My sister is three years older than I am. For a younger brother, those three years make all the difference.
I wouldn’t say that she tormented me. There were no noogies or wedgies. She never put toothpaste in my Oreos or boobytrapped my room. It was more psychological warfare. She used her older, wiser brain to get under my skin. For instance, she always had plausible deniability. To this very day, I could never prove that she actually used her three-years-older prowess against me.
She did well in school just to put more pressure on me. She’d include me in games of House but make me play the role of Snowball the dog. She’d end arguments by saying “Yeah, you’re right” and walk away.
It was the sort of mental anguish that causes your hands to grab your hair while you mumble, “Ooooh, that makes me so angry.”
And, boy, did it make me so angry. It sowed self-doubt in my mind. And fueled competition among the two of us. My self-esteem was so low that my parents nicknamed me “Champ” just to raise my ego. (Hers was so high, they nicknamed her “Cabbage” to keep it in check.)
But then something strange happened around my 11th or 12th birthday. I did the math. She was born in May, and I in November. She wasn’t three years older than me… she was two-and-a-half years older than me. It was like my whole childhood had been a lie. I just assumed that the three grades that separated us somehow translated into years. I had never bothered to, you know, actually do the basic arithmetic that would prove to play a pivotal moment in my upbringing.
This. Changed. Everything.
I felt like Bugs Bunny after Michael Jordan joined the Toon Squad. I could do anything. I’m 92% certain that it was this realization alone that fueled my growth spurt. Out of nowhere, I shot up to a colossal five-foot-six-inches. You read that correctly; I stood a whole 170 centimeters tall (where I remain to this very day). The power balance completely shifted.
No longer did her witticisms annoy me. No longer did I feel like a scared outlaw staring down the double barrel of the sheriff’s exemplary use of reverse psychology. No longer did her shadow outcast mine; in fact, mine was 12 centimeters taller than hers. Over time, the gap in years between us continued to shrink. At different points, we each went to college, we each got married, we each had children, and somewhere in the middle of it all, we ended up the same age and, dare I say, closer than ever.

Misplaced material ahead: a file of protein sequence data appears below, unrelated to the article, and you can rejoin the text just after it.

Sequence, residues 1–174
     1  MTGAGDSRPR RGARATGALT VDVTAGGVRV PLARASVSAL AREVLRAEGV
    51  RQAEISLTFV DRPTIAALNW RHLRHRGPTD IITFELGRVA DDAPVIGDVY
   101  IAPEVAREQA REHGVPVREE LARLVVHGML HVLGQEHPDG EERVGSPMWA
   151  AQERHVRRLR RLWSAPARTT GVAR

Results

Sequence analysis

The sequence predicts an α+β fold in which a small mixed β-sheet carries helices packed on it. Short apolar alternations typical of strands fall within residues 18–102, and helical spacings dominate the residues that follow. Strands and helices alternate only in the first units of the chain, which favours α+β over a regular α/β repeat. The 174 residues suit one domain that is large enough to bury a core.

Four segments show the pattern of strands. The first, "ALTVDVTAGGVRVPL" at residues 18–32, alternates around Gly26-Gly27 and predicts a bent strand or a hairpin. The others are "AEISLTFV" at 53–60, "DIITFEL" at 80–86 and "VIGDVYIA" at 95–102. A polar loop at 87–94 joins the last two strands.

Yet, the sibling rivalry still simmers.
When I heard that I was a stem cell match for an anonymous patient, it meant everything to me. It meant everything because I had been chosen, not her. The heavens were smiling down on me. I was ecstatic. For I had won.
Or had I?
Two weeks later, she received the same phone call. She and I are a match for the same anonymous patient. So now, as of this writing, we wait. We wait for the Transplant Center to determine who is the best match, even by 1%.
You have to believe me when I tell you that this is the most Cabbage move of all time. It’s brilliant and cunning, devious and diabolical, laced with a heaping amount of plausible deniability. She’s a mastermind and somehow plotted out this entire episode. But, of course, I could never prove it.
I have no doubt that her cells will be chosen over mine. That those two-and-a-half years will prove crucial to the selection process. That she will perform the divine act of saving a life and the divine-r act of rubbing it in my face. That she will lord it over me without ever having to say a word (though I’m guessing she will blog about it at least twice).
Yet, while I wait for that phone to ring sometime in the coming weeks… While I wait, helpless to persuade the powers-that-be that my stem cells are really, really awesome, I take a strange form of solace in knowing that amid all the chaos and craziness that life has thrown our way, there is one constant upon which I can always rely: her psychological warfare continues.
Bring it on.
For “Cabbage’s” version, please see here.